Uncount nouns

Level: beginner

Some nouns in English are uncount nouns. We do not use uncount nouns in the plural and we do not use them with the indefinite article a/an:

We ate a lot of food. (NOT foods)
We bought some new furniture. (NOT furnitures)
That's useful information. (NOT a useful information)

We can use some quantifiers with uncount nouns:

He gave me some useful advice.
They gave us a lot of information.

Uncount nouns often refer to:

Substances: food, water, wine, salt, bread, iron
Human feelings or qualities: anger, cruelty, happiness, honesty, pride
Activities: help, sleep, travel, work
Abstract ideas: beauty, death, fun, life

Common uncount nouns

Some common nouns in English like information are uncount nouns even though they have plurals in other languages:

advice accommodation baggage equipment
furniture homework knowledge luggage
machinery money news traffic

Let me give you some advice.
How much luggage have you got?

Common uncount nouns 1

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If we want to make these things countable, we use expressions like:

a piece of ... a bit of ... an item of ...
pieces of ...  bits of ... items of ... 

Let me give you a piece of advice.
That's a useful piece of equipment.
We bought a few bits of furniture for the new apartment.
She had six separate items of luggage.

However, accommodation, money and traffic cannot be made countable in this way. We need to use other expressions:

I've lived in three flats/apartments. (NOT bits of accommodation)
Smith received three large sums of money. (NOT pieces of money)
We got stuck in two traffic jams. (NOT pieces of traffic)

Common uncount nouns 2

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Common uncount nouns 3

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Hello ninoosha,

When we use a plural collective noun like 'pieces', 'lots', 'sets' and so on we use a plural verb. Therefore 'are' is correct here.

 

Best wishes,

Peter

The LearnEnglish Team

Dear Peter, Thank you for your reply. What about when I use a determiner like some? would it still follow the same rule you mentioned? it may sound strange but I found both form of the verb after that, i.e. there are some furniture left / there is some furniture left OR there was some old furniture / there were some old furniture Regards

Hello ninoosha,

'Furniture' is a uncount noun and is always singular. Therefore we would use a singular verb and say 'is' or 'was'. Using a plural verb here would not be correct.

 

Best wishes,

Peter

The LearnEnglish Team

tssang 提交于 周日, 26/03/2017 - 16:15

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Hello , I saw the following sentence in an English exercise book. "With the development of smart card technology, it will have possibly in the near future that you need to carry only one card . " It asked where the two mistakes in the sentence are. I don't know if the "of" is to be replaced by "in", or "will" to be replaced by "may" for the first answer? That is : "development of" to be "development in" ? or "it will have " to be "it may have"? "possibly" to be replaced by "possibility" or "possibilities" for the second answer? Please tell me the two answers with explanation. Thank you.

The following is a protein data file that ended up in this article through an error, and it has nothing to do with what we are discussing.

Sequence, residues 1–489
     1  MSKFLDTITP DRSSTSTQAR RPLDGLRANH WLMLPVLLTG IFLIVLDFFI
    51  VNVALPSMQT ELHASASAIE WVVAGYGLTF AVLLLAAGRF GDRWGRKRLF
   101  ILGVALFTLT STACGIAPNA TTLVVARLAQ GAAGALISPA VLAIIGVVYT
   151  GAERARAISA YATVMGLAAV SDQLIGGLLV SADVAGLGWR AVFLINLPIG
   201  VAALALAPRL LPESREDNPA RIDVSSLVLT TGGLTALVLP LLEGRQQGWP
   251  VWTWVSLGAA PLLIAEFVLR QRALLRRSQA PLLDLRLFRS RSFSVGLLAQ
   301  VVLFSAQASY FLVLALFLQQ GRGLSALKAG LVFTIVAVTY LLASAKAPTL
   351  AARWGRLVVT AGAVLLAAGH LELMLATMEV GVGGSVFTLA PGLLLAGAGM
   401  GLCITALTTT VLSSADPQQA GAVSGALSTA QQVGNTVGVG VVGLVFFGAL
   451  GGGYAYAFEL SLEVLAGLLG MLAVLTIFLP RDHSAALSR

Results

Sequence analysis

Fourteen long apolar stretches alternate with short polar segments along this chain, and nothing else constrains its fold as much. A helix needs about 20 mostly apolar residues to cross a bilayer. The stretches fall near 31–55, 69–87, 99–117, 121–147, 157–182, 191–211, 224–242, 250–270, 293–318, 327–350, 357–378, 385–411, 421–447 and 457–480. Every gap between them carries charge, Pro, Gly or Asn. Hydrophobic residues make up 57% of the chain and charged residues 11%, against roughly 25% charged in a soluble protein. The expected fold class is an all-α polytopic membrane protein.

Hello tssang,

I'm afraid we don't provide answers for tasks from outside of our own pages. If we did, then we would end up doing everyone's homework and tests for them!

Your book should have a key with it which contains the answers. Failing that, you can ask your teacher for help.

 

Best wishes,

Peter

The LearnEnglish Team

umakanthan 提交于 周六, 18/03/2017 - 13:40

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Sir, if travel is an uncount noun, then is the sentence "In all his travels he studied only the phenomena of nature and human life." wrong?

Hello umakanthan,

No, the sentence is not wrong. 'Travel' is uncountable when it describes the concept of moving from place to place, as in the well-known saying travel broadens the mind, for example.

However, in certain contexts it is possible to use 'travel' as an alternative to 'journey' and then it can be countable. It has limited use, however. We would not use it to describe our own journey in normal conversation, but rather in the kind of context you have above: biographies and literary works.

 

Best wishes,

Peter

The LearnEnglish Team

nadarali1996 提交于 周五, 03/03/2017 - 05:57

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Hello Sir, I can hope you are fine; therefore, I strongly need your help for the following sentences regarding Nouns/adjectives Complement. 1)He is a boy.( In this sentence the complement is a noun.) 2)He is good.( In this sentence the complement is an adjective .) 3)He is a good boy.( In this last sentence both an adjective and a noun are used so what complement,so should it be called?) Thanks a million in advance.(Advanced.)

Hello again nadarali1996,

'a' is a determiner, 'good' is an adjective and 'boy' is the noun. All together they form a noun phrase that is in this sentence functioning as a complement. You can learn more about this on our noun phrase page.

All the best,
Kirk
The LearnEnglish Team

 

nadarali1996 提交于 周三, 01/03/2017 - 19:46

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Hello , Sir. I hope you are fine and fit,moreover you,your team, are doing very well. I have a got question in my mind regarding the topic of uncountable nouns is that sometimes we can use some abstract nouns with a/an , as follows: (i) a help: My children are a good help to me. This pill might be a good help. (ii) a knowledge +of: My teacher has got a good knowledge of English literature. (Resource: A practical English Grammar By A.J Thomson & A.V Martinet) so sir, would you mind telling me in which way and what words can be used with a/an being an abstract noun?